The book is aimed at a general audience, and in particular an American one. This accounts for its inclusion of extensive introductory chapters, as well as a text which eschews references or footnotes, although there is an extensive and valuable list of bibliographical sources at the end. Chapter 1 provides the geographical and historical setting for the Roman empire and a discussion of the problematic nature of the sources: while the difficulties of the historical sources are critically rehearsed, the problems of using the archaeological evidence may seem optimistically over-simplified. Chapters 2 and 3 give an account of the prehistory of the region from the Late Bronze Age to the Late Iron Age, while Chapter 4 deals with the conquest itself. Chapters 5 to 9 are the real meat of the book, discussing themes such as the military development of the frontier zone, the growth of the urban and rural economies, the survival of pre-conquest cultural practices and the transformation of identities. Chapter 10 reviews the impact of the empire on the societies beyond the frontier as far north as Denmark, while the concluding Chapter 11 provides a brief glimpse of events after the military and political crises of the third century.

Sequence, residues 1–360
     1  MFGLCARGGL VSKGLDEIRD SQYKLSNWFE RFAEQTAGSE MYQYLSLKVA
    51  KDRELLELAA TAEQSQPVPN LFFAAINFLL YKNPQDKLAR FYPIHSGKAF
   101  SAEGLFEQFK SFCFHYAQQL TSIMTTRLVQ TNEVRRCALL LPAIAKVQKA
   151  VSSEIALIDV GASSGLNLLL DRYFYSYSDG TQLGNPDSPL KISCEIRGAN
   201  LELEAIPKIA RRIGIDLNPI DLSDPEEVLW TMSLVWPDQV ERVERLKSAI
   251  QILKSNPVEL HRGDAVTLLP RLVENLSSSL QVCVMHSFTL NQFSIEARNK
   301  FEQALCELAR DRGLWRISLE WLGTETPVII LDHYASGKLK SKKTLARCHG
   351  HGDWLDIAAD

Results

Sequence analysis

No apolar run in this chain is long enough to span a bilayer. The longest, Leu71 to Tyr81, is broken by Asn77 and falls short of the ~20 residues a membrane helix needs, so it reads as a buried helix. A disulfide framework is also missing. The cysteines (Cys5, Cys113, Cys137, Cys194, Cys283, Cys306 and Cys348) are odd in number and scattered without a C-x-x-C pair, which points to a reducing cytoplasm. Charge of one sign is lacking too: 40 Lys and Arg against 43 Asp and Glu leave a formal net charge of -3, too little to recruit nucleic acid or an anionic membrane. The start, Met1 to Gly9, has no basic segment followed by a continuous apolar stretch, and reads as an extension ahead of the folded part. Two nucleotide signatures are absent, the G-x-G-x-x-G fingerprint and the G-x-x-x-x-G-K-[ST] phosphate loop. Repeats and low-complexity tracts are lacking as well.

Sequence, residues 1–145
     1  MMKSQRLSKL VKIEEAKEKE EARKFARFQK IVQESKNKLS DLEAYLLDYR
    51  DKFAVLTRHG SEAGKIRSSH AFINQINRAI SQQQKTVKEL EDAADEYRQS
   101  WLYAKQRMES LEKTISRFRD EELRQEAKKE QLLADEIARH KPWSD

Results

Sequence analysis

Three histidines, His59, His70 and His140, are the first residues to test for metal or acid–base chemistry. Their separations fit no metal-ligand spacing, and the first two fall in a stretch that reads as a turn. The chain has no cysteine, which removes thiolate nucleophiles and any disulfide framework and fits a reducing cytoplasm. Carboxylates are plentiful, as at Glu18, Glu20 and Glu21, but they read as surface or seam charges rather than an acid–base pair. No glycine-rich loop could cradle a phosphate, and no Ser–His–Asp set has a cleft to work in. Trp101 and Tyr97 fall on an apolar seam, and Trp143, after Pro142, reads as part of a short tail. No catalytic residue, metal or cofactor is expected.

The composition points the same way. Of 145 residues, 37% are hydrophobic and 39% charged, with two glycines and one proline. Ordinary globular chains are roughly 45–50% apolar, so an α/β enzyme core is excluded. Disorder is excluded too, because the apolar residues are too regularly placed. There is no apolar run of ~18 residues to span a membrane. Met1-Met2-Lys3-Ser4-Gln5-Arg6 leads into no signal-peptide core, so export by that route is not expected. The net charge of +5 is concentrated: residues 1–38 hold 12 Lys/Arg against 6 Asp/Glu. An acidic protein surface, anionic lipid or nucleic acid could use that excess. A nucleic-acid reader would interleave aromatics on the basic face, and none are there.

Wells presents a judicious and well-informed overview of the period and its problems, but the book's target readership inevitably means that a better informed or more specialist audience will find it rather superficial. It is rooted in a thorough knowledge of the latest archaeological findings, as the lengthy list of sources shows; though there is little new to the specialist, it does very usefully bring together much new material in a way that will be particularly helpful for the non-German-reader. Nevertheless, the approach taken, coupled with the extent of the introductory material and the somewhat repetitive structure of the book, means that there is little space to engage in more detailed debate; though many of the most important critical and theoretical contributions to recent debate are cited in the bibliographical essay, there is little opportunity to engage with these key issues. A few examples will illustrate the point. Wells shows that the south German oppida such as Manching were abandoned, or at least substantially transformed in their political and economic function, well before the Roman conquest of the region, but prefers a date in the 50s BC in distant response to Caesar's conquest of Gaul; the date could be somewhat earlier, with important consequences not only for our interpretation of the Late Iron Age but also for our understanding of the type of society encountered by the Romans and the progress of the conquest. Again, the broad geographical range of the book has its advantages in showing the big picture, but much of the emphasis in recent work, especially in early Roman archaeology, has been to stress the highly regional nature of the responses to Rome; unfortunately, there is little space to pursue these finer-grained differences. Above all, one wishes for a longer exposition of some of the theoretical arguments: the early Roman period has been the focus for a real outburst of critical and creative intellectual activity in recent years, yet little of the excitement of these debates comes through. Wells rightly structures his treatment around the contribution of the indigenous societies to the brave new post-conquest world, thus giving space to the subaltern voice of post-colonial studies, but the complexity of the issues seldom comes through. Much of our knowledge of 'native' culture, for instance, especially in such fields as religion, is in fact derived from post-conquest contexts and cannot be simply treated as a pure survival; recent work has warned us that such 'survivals' may rather be innovations or transformations, which may represent more complicated cultural adaptations to the new context than simple indigenous resistance.